Friday, 30 September 2016

The journey is long but every step counts!

By Aliraza Alidina

My placement at the Social Planning Council of Winnipeg has officially ended but the project I am working on will take a while to get completed. 

Following up on the report published by the Immigration Partnership Winnipeg in April 2015 titled “Creating inter-cultural understanding: Relationship between Urban Indigenous Communities and Immigrant and Refugee Newcomers in Winnipeg’s inner-city” authored by Muuxi Adam, I am working on a report that will outline different organizations in the settlement sector who are engaged in initiatives regarding Newcomer Indigenous relations. I am interested to know how the initiatives have been designed, what elements have been incorporated, the expected goals, challenges faced, next steps and the way forward. 

The report by Muuxi Adam – which was based on focus groups of about 88 participants from each of the Indigenous and Newcomer communities and facilitated by Jackie Hogue – included important recommendations such as the following:

  • Indigenous leaders should be given a role in the orientation of newcomers, specifically in the welcoming process
  • There needs to be more programs and workshops that can stimulate awareness about the cultures of both communities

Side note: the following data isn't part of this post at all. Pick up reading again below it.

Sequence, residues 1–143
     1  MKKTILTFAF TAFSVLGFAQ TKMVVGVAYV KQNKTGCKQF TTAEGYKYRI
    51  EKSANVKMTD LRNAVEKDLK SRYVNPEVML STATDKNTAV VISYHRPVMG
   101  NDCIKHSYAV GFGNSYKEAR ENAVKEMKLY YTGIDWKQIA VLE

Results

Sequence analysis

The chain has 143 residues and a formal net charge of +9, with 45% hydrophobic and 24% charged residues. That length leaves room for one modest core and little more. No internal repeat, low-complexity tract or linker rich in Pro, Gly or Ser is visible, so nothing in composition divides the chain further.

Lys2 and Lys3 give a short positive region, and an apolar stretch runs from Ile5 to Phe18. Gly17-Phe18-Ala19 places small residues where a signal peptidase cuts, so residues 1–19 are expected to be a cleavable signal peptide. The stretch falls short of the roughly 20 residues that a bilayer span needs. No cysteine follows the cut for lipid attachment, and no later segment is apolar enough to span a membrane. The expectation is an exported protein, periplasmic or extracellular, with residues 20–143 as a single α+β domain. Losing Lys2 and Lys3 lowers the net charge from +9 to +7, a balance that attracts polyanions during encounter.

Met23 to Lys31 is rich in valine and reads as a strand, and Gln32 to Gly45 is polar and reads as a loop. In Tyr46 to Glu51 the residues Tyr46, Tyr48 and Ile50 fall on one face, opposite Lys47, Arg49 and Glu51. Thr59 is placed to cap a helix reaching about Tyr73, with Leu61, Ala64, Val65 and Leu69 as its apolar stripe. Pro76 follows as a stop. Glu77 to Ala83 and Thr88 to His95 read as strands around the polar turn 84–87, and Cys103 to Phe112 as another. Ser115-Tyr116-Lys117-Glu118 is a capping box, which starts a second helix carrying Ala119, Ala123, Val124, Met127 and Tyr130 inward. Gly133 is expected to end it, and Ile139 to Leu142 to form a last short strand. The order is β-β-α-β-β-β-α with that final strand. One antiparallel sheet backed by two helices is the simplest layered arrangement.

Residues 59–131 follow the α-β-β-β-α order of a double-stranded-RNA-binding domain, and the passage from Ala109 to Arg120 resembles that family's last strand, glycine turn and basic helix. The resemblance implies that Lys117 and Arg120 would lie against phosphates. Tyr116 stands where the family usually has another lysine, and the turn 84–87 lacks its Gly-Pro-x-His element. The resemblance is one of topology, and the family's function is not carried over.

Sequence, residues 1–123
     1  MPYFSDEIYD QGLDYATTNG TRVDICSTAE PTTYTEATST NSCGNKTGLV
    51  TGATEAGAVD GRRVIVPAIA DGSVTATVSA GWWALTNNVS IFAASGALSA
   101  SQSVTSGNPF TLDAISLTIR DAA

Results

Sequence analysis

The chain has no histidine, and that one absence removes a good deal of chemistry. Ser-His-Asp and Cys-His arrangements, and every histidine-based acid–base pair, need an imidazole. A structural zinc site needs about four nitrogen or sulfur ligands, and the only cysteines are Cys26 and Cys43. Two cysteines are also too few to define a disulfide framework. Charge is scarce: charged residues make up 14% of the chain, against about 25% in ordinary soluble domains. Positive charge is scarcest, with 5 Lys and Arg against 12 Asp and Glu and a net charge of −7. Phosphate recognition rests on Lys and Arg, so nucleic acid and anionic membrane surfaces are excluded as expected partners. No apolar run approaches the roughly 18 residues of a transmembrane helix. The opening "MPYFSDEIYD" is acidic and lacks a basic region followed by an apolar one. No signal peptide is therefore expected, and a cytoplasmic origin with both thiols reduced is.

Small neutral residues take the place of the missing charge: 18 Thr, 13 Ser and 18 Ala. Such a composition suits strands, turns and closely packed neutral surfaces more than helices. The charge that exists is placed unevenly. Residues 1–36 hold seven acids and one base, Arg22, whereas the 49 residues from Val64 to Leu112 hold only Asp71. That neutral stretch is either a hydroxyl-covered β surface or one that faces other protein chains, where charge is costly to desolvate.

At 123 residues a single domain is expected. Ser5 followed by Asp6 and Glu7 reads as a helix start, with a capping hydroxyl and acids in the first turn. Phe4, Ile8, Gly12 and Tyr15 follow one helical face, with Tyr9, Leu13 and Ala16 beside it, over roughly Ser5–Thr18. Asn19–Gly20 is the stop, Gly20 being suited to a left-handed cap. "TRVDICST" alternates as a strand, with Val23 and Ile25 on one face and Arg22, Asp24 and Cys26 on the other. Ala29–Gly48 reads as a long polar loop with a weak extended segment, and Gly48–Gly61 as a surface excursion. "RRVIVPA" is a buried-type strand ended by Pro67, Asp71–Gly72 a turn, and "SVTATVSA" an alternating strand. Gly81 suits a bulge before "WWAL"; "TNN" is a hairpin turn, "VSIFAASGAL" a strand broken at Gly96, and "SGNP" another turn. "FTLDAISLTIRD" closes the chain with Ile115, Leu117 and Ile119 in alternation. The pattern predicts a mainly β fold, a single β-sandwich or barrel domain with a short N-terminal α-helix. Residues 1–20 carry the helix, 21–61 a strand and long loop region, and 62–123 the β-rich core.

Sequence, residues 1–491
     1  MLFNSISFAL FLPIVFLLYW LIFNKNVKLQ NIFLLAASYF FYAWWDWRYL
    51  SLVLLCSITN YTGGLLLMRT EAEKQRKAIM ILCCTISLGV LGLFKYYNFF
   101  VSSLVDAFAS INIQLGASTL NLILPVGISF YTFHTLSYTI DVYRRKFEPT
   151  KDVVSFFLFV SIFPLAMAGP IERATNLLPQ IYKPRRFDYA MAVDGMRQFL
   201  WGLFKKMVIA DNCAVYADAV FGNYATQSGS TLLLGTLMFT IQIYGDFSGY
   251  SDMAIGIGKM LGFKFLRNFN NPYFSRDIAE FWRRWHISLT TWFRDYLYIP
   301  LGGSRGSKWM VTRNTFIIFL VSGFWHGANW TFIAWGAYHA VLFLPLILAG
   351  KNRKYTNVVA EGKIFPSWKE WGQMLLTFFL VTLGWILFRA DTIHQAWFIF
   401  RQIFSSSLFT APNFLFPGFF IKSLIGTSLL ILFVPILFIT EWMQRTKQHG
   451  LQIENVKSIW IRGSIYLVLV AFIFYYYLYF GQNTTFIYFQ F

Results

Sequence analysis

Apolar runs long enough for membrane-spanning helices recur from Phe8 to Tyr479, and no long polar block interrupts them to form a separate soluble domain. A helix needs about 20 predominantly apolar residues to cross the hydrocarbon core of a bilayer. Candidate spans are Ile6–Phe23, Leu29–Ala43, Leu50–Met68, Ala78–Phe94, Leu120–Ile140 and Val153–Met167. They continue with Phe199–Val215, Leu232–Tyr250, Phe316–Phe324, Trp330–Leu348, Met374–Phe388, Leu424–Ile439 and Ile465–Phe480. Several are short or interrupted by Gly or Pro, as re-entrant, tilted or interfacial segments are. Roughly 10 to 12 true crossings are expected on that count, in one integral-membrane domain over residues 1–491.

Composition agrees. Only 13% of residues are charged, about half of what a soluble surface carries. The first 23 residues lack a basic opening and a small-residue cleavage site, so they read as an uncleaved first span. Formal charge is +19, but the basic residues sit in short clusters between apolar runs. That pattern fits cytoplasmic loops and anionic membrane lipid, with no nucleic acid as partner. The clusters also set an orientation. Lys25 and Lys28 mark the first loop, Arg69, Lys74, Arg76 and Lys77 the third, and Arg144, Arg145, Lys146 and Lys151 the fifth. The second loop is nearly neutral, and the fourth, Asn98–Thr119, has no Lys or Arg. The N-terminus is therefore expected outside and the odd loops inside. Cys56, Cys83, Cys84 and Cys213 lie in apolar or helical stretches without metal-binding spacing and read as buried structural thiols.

• There needs to be partnerships between Indigenous serving organizations and Newcomer serving organizations
  • There is a necessity to create programs that specifically cater to the youth segment

An interesting theme that has subtly emerged – though not extensively at all – from the literature on ‘Newcomer Indigenous relations’ is on the role that ‘cultural brokers’ can play in smoothly bridging relationships particularly for the youth. I first heard about this term from Dr. Jan Stewart of the Faculty of Education at the University of Winnipeg. Cultural brokers include a wide range of activities that not only facilitate interaction between different groups, but also create greater understanding. In many cases, these brokers can produce an effective change. The cultural brokers that have shown to be very effective in different parts of the world are sports and creative arts (drawings, photography, digital projects, cultural exhibitions, etc.). Through these activities youth develop self-esteem, self-advocacy skills and most importantly understanding and relating to each other in an often intimate and experiential way. 

This is an important area which I think is very relevant to the project that I am working on. In my opinion, this has not received enough attention in the literature on Newcomer/Indigenous relations. In fact, some of the good initiatives in Winnipeg do include cultural brokers (though often not acknowledged as such); however the use of cultural brokers is not much mentioned in policy recommendations. There is also some indication that some of these cultural brokers can play an important role in the healing process from an Indigenous perspective. Giving importance to ceremonies, circle talks, and interactive dialogues has a lot of potential.

There is much more that I would have loved to engage in, but it’s beyond the scope of this project. Maybe for another time! I can mention a few areas here though: international student’s orientation, citizenship tests, citizenship oath, language tests, country guide, and overseas orientation initiatives.
There is certainly a long way to go. For that reason, the conversation has to carry on.

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